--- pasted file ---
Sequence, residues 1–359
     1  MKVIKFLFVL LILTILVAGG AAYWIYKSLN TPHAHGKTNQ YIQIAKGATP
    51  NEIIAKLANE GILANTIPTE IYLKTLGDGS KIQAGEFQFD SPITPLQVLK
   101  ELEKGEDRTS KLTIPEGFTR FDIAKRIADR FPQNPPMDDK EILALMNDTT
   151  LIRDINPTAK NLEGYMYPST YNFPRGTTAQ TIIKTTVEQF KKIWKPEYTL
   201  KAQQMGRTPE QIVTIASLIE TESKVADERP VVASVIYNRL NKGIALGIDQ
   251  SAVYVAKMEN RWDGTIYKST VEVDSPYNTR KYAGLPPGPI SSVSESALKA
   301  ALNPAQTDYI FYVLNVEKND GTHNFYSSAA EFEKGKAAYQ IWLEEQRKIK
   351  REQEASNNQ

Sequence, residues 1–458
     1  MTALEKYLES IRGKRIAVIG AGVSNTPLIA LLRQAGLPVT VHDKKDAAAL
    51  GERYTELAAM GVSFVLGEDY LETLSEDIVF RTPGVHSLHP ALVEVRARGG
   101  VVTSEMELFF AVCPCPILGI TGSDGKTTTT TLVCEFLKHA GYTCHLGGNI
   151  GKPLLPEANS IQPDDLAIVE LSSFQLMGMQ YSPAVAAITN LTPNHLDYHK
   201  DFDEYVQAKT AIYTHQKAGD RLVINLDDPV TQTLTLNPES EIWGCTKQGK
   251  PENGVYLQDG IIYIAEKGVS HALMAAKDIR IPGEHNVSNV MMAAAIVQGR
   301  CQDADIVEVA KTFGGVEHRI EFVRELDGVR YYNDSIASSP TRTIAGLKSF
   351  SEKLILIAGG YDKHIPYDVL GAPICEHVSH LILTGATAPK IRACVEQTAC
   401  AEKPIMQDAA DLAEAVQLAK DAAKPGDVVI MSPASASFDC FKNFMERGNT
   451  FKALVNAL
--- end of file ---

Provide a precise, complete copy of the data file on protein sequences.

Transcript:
Sequence, residues 1–359
     1  MKVIKFLFVL LILTILVAGG AAYWIYKSLN TPHAHGKTNQ YIQIAKGATP
    51  NEIIAKLANE GILANTIPTE IYLKTLGDGS KIQAGEFQFD SPITPLQVLK
   101  ELEKGEDRTS KLTIPEGFTR FDIAKRIADR FPQNPPMDDK EILALMNDTT
   151  LIRDINPTAK NLEGYMYPST YNFPRGTTAQ TIIKTTVEQF KKIWKPEYTL
   201  KAQQMGRTPE QIVTIASLIE TESKVADERP VVASVIYNRL NKGIALGIDQ
   251  SAVYVAKMEN RWDGTIYKST VEVDSPYNTR KYAGLPPGPI SSVSESALKA
   301  ALNPAQTDYI FYVLNVEKND GTHNFYSSAA EFEKGKAAYQ IWLEEQRKIK
   351  REQEASNNQ

Sequence, residues 1–458
     1  MTALEKYLES IRGKRIAVIG AGVSNTPLIA LLRQAGLPVT VHDKKDAAAL
    51  GERYTELAAM GVSFVLGEDY LETLSEDIVF RTPGVHSLHP ALVEVRARGG
   101  VVTSEMELFF AVCPCPILGI TGSDGKTTTT TLVCEFLKHA GYTCHLGGNI
   151  GKPLLPEANS IQPDDLAIVE LSSFQLMGMQ YSPAVAAITN LTPNHLDYHK
   201  DFDEYVQAKT AIYTHQKAGD RLVINLDDPV TQTLTLNPES EIWGCTKQGK
   251  PENGVYLQDG IIYIAEKGVS HALMAAKDIR IPGEHNVSNV MMAAAIVQGR
   301  CQDADIVEVA KTFGGVEHRI EFVRELDGVR YYNDSIASSP TRTIAGLKSF
   351  SEKLILIAGG YDKHIPYDVL GAPICEHVSH LILTGATAPK IRACVEQTAC
   401  AEKPIMQDAA DLAEAVQLAK DAAKPGDVVI MSPASASFDC FKNFMERGNT
   451  FKALVNAL